19. The initiative and referendum were adopted as methods to bypass the legislature in the creation or revocation of laws. Municipal home rule, permitting communities of 5000 or more in population to govern themselves, was also adopted. Public service corporations opposed home rule, seeing it as a device encouraging municipal ownership of utilities.

20. d (The law stated: “That no corporation doing business in this state shall directly or indirectly pay, use or offer, consent or agree to pay or use, any of its money or property for, or in aid, of any political party, committee or organization, or for, or in aid of, any candidate for political office or for nomination for any such office, or in any manner use any of its money or property for any political purpose whatever, or for the reimbursement or indemnification of any person or persons for moneys or property so used.)

Rebuilding the infrastructure of democracy

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http://www.heightsobserver.org/read/2017/03/30/rebuilding-the-infrastructure-of-democracy

by Greg Coleridge

From the local to the global, the ability of people to govern ourselves has been under assault for many decades. We can expect this to intensify for multiple reasons, including:

• Business corporations seeking huge profits by converting what once had been “public” to “private” (called privatization, though a more descriptive term would be “corporatization”), including traditional public assets such as water and sewer systems, roads, police and fire protection, airports, hospitals and schools.
• Individuals looking to increase their power, status and/or privileges by concentrating decision-making from many (“We the People” and government) to a few (their own) hands.
• Continual legal and constitutional definitions that further restrict and redefine “public” arenas as other “p” words: private, property, proprietary, privileged—and thus [place them] beyond the reach of public planning, shaping and evaluation.
• A national government that uses the excuse of “terrorism” to stifle dissent, intimidate dissenters and interrupt efforts of self-determination, even at the local level.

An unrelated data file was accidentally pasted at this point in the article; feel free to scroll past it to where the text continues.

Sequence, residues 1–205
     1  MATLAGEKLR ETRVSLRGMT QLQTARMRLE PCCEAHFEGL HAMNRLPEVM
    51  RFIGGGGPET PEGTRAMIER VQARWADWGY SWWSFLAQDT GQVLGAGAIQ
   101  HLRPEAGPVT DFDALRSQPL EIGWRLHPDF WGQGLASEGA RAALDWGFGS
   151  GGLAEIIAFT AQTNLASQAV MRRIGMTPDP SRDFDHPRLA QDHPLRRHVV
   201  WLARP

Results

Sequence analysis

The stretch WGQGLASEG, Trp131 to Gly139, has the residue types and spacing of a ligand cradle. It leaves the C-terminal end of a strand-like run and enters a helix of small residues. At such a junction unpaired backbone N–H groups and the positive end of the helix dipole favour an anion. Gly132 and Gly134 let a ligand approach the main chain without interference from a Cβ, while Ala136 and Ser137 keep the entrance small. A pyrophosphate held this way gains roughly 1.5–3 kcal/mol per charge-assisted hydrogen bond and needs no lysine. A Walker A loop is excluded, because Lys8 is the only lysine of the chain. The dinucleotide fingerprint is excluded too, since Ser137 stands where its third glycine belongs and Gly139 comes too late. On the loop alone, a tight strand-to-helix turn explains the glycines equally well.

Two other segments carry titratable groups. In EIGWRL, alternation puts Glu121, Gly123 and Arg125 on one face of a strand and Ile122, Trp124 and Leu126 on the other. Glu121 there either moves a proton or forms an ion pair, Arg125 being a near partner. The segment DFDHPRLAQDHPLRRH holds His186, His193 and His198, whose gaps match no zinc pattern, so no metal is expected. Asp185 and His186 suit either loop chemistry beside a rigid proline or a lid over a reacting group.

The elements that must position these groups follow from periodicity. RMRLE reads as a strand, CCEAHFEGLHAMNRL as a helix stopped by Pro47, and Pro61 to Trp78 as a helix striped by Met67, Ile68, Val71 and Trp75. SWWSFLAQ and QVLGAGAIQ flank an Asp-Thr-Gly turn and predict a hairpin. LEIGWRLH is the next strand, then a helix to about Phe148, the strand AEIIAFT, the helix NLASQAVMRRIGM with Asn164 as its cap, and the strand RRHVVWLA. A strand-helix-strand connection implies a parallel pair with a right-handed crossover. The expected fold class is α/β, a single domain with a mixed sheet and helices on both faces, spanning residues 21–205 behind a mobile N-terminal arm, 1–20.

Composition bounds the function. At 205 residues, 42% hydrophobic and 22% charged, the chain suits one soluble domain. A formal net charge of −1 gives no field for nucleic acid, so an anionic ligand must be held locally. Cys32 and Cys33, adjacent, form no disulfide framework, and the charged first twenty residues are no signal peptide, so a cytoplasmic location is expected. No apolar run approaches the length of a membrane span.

• A culture that tells us public policies are too complicated for ordinary people to understand (thus restricting policymaking to “experts”); distracts public attention from self-determination, toward the trivial and inane; worships “the market” as the sole route to financial and economic salvation; defines economic arenas as outside the scope of public input; erases the memory of historical examples of citizen control and self-governance; denigrates anything that is “public” as inefficient, wasteful, outdated and dangerous; celebrates anything “private” as efficient, modern and safe; and encourages social isolation, keeping us from learning from each other and organizing to (re)assert meaningful changes.

There is another side to this—an existing democratic/self-determination culture or “infrastructure” that perhaps many of us seldom think about. Alternatives to corporations, corporate governance and elite control exist right now in our communities and states.

Scores of documents, policies, institutions, structures and groups reflecting inclusiveness, accountability and responsibility are commonplace—[and provide] examples [of] where those who are affected by decisions and policies have a legitimate role in the making of those decision—or could [have] if we made the effort. They are where “We the People” have a voice—or could if we merely flexed our self-determination muscles.

Examples of a democratic infrastructure abound right here in the Heights, including:

• A legacy of active citizen engagement over many decades, on many issues, through block or street groups and communitywide campaigns.
• Municipal charters (our local constitutions) defining the cities’ overarching governing rules, including provisions for charter amendments.
• Council elections, open and televised meetings, public records, and multiple boards and commissions composed of citizens who advise and assist our city councils.
• Public fire, police, water and other basic municipal services.
• Municipal courts and citizen juries.
• A public library system.
• Public schools with an elected school board, active engagement of parents and even a student union.
• Labor unions of city workers, teachers and others.
• This publication, the Heights Observer, a volunteer, not-for-profit hyper-local news source.
• P.E.A.C.E. Park and other public spaces where events that build community occur.
• Vibrant groups of residents, such as Noble Neighbors and the Cain Park Neighborhood Association, who have formed to fight foreclosures and revitalize their neighborhoods.
• Community gardens and the City Fresh community supported agricultural (CSA) program.
• Nearby community credit unions, which, unlike banks, are member-owned and governed.